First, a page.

You ask me to suspend my judgment for a long time, or at the very least more than half a year, in other words to stand still for a time. Now to stand still is not possible, thus: I must either obey the Church or disobey. If I disobey, I am not suspending judgment but deciding, namely to take backward steps fr. [from] the grounds I have already come to. To stand still if it were possible might be justifiable, but to go back nothing can justify… Only one thing remains to be done: I cannot fight against God Who calls me to His Church: if I were to delay and die in the meantime I shd. have no plea why my soul was not forfeit. I have no power in fact to stir a finger: it is God Who makes the decision and not I.
The “lasting strain towards the Catholic Church”, as he puts it later in this letter, demands for its relief nothing short of absolute and immediate submission. The truth with which Hopkins will never stop wrestling, however, is that the “strain” does not let up for those who once submit to it. The corollary to this proposition is that submission to God’s will is actually a continuous action, not a sometime thing. Hopkins’s peculiar poetics arises from his realisation of this problem, which emerges as such in the course of his daily attempts to itemise the world’s ongoingness in the form of discrete diary entries. In the pages of his journal he learns the lesson to which his contemporary Thomas Hardy, in a chilling phrase from a poem of 1867, also testified: that everything that lives is “alive enough to have the strength to die”. Transience, for Hopkins, is both a condition and an image of holiness.
April 8 —The ash tree growing in the corner of the garden was felled. It was lopped first: I heard the sound and looking out and seeing it maimed there came at that moment a great pang and I wished to die and not to see the inscapes of the world destroyed any more.
Hopkins’s poems often strive to smuggle a sense of doom inside the image of enchantment they offer. A lyric entered into his diary on May 15th, 1865, ends with a bid to immortalise a great pang of mortality by assuming the perspective of Pisgah: “There on a long and squared height / After the sunset I would lie, / And pierce the yellow waxen light / With free long looking, ere I die.” Hopkins’s wager is that “free long looking” will be enough to transfix the light of redemption. In any case, it is the one thing needful ‑ and possible. As a Jesuit novice Hopkins once enclosed a feather in a letter to his mother, noting that “no one is ever so poor that he is not … owner of the skies and stars and everything wild that is to be found on the earth”. A look costs nothing, and, as we cannot in fact look away, we might as well let our glance linger.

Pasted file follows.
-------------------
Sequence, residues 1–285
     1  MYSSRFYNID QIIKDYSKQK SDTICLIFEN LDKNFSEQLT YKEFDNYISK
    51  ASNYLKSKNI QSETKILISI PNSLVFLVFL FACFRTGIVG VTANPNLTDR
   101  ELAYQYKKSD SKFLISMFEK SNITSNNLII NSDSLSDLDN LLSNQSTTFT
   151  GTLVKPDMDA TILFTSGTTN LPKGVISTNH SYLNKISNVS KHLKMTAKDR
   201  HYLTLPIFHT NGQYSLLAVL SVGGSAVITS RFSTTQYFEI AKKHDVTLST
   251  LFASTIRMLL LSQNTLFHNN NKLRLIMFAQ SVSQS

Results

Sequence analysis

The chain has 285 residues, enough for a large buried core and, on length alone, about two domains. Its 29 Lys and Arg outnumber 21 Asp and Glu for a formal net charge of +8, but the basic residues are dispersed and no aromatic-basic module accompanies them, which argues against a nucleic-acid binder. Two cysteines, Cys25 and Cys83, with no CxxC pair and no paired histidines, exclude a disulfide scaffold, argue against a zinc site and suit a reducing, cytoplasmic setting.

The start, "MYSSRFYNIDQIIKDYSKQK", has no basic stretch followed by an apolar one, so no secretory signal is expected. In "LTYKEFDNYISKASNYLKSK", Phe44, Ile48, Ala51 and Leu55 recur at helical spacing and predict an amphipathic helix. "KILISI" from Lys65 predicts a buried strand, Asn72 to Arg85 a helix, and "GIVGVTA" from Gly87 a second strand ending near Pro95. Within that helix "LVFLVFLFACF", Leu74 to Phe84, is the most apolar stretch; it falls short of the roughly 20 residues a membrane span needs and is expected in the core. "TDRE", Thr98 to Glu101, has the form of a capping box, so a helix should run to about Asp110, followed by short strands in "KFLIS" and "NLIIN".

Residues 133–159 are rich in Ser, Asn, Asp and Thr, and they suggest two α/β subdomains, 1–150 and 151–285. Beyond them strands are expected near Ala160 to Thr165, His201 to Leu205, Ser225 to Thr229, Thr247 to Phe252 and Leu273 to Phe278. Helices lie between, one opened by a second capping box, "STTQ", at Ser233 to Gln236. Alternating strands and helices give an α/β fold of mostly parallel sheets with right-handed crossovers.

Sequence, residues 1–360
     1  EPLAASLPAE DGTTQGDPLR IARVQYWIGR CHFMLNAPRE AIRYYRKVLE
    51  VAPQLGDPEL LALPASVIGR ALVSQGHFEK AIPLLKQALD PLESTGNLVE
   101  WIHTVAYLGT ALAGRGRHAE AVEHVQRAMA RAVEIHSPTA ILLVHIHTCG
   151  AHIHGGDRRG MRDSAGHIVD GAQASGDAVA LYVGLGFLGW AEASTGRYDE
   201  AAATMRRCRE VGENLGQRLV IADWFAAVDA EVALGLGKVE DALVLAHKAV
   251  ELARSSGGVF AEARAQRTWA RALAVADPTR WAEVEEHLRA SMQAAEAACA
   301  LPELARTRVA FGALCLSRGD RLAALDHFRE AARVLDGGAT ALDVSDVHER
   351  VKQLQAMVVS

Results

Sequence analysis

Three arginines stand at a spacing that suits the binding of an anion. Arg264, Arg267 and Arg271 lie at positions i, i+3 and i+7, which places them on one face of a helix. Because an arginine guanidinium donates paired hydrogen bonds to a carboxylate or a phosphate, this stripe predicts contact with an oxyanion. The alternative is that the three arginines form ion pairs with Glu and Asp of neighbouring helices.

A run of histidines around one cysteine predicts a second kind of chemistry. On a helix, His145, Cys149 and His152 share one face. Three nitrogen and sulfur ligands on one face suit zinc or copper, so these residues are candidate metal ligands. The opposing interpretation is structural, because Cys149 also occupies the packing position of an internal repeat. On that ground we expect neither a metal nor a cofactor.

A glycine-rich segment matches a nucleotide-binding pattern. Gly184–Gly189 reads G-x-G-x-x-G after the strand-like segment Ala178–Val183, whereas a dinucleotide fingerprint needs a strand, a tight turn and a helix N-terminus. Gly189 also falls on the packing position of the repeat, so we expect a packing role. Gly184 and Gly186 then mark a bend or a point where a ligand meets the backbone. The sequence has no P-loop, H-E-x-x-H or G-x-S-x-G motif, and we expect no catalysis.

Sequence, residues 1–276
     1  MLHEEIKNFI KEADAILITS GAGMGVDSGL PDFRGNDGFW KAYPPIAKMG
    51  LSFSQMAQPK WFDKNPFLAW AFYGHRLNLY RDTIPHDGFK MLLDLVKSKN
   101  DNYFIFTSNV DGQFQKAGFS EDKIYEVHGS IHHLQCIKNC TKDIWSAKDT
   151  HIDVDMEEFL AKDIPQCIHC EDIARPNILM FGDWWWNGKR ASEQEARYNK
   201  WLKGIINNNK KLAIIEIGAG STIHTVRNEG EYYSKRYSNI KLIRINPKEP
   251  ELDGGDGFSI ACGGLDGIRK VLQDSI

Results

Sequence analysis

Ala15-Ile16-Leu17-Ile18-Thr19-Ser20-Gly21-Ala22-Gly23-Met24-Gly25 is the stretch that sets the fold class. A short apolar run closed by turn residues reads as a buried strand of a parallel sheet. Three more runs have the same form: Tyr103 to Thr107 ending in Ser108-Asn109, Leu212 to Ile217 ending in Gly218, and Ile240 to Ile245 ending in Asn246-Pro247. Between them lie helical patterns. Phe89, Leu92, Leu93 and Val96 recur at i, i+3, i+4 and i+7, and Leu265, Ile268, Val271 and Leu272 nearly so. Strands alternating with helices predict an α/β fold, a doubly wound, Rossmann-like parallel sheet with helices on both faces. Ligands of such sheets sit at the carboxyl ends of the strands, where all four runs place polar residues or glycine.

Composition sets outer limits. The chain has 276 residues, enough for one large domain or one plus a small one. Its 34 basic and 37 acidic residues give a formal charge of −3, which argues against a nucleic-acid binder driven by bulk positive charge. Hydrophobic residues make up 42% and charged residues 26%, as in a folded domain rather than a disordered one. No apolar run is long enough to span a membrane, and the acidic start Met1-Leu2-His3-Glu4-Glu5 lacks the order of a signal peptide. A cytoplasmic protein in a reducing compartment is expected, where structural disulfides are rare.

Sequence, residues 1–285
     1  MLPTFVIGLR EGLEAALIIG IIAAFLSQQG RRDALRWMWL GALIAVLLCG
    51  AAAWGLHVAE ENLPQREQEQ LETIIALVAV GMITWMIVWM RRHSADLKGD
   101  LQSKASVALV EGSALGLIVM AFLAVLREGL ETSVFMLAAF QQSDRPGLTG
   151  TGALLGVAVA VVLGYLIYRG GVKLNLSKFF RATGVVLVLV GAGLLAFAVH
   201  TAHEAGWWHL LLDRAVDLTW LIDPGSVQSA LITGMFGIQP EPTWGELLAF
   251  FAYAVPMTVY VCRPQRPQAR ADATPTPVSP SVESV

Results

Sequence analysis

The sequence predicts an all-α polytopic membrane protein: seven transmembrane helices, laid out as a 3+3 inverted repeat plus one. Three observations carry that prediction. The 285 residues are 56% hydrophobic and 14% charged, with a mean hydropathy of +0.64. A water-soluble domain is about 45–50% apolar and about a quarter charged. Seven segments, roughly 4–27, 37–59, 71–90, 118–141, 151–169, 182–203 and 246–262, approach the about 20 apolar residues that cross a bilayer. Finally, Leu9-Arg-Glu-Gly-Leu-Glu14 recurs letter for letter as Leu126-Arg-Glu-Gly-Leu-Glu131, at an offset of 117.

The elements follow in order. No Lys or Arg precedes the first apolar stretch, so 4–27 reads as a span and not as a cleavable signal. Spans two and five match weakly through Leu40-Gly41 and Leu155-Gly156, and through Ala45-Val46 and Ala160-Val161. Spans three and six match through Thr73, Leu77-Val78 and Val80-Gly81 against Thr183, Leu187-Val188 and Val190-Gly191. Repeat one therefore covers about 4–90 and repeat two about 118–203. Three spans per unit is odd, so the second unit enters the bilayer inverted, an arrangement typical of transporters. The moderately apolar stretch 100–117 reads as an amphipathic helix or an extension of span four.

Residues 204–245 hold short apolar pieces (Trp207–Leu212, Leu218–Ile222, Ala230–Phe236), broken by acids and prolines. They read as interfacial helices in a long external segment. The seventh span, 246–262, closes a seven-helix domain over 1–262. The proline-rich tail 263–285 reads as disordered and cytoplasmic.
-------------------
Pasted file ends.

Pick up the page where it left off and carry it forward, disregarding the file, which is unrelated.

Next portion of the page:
One of the many familiar terms that Hopkins regularly uses in almost unbearable tension with its typical meaning is the verb “stall”, along with its cognate verbal nouns “install” and “forestall”. The following note of June 13th, 1871, gives a good example of his way of wrenching words to his own purpose ‑ on the way to his discovery of that purpose:
A beautiful instance of inscape sided on the slide, that is / successive sidings of one inscape, is seen in the behaviour of the flag flower from the shut bud to the full blowing: each term you can distinguish is beautiful in itself and of course if the whole ‘behaviour’ were gathered up and so stalled it wd. have a beauty of all the higher degree.
By putting the English language through such lexical contortions Hopkins wishes to “gather up” what is essentially elusive, the relationship of a particular action to the general Passion that forms its background. He has to hand a single word for this relationship: the “doing-be”. This coinage serves to inset an instance of “behaviour” in a pattern of “behaviour”. Poetry was the chief means by which Hopkins sought to bring “behaviour” ‑ his own and that of nature ‑ into relief against itself. “Damasking”, “diapering” and “bossing” are just a few of the terms that Hopkins borrows from the decorative arts to express, in both his poetry and his prose, the figure-ground conjugation that caught his eye everywhere and never ceased to dazzle:
before I had always taken the sunset and the sun as quite out of guage [sic] with each other, as indeed physically they are, for the eye after looking at the sun is blunted to everything else, and if you look at the rest of the sunset you must cover the sun, but today I inscaped them together and made the sun the true eye and ace of the whole, as it is. It was all active and tossing out light and started as strongly forward from the field as a long stone or a boss in the knop of the chalice stem: it is indeed by stalling it so that it falls into scape with the sky.
An obsolete definition of the verb “forestall” exuberantly revived by Hopkins is “to lie in wait for, intercept, cut off”, as a hunter might his prey or a highwayman his unsuspecting victim. Or, more to Hopkins’s purpose, as God waylays the wills of men by putting them under the influence of his prevenient grace. The miracle that God’s will can and does correspond to a man’s without curtailment of the freedom of either was to Hopkins a source of perpetual wonder and the subject of his profoundest meditations. Deepening the mystery is the fact that perceptions and actions of the present can overlay without replacing those that dance in memory. The “instress” of a certain cloud’s size that Hopkins memorialises in an entry of March 23rd, 1870, is palpable not in comparison to other clouds in the cloudscape currently before the eye but rather in the context of “the remembrance of other clouds”. The world, charged as it is with the grandeur of God, puts the heart’s sense of self-possession under continual stress. But our eyes are predisposed to the assaulting stimuli, primed for receipt of them because prepossessed by their own “belonging images”:
It is not in reality harder for the mind to have ken at the same time of what the eye sees and also of the belonging images of our thoughts without ever or almost ever confounding them than it is for it to multiply the pictures brought by the two eyes into one without ever or almost ever separating them (March 23rd, 1870).
These diaries, journals, and notebooks stage one man’s lifelong celebration of the convertibility of mind and eye, word and world, prose and verse. Those who join the festival will come to reflect and, in the words of “The Wreck”, learn how to “read” with “a heart right” and (what may well be the same thing) with a “single eye” ‑ that of a poet in thrall to a world past change.
Thomas Berenato is a PhD candidate in English at the University of Virginia.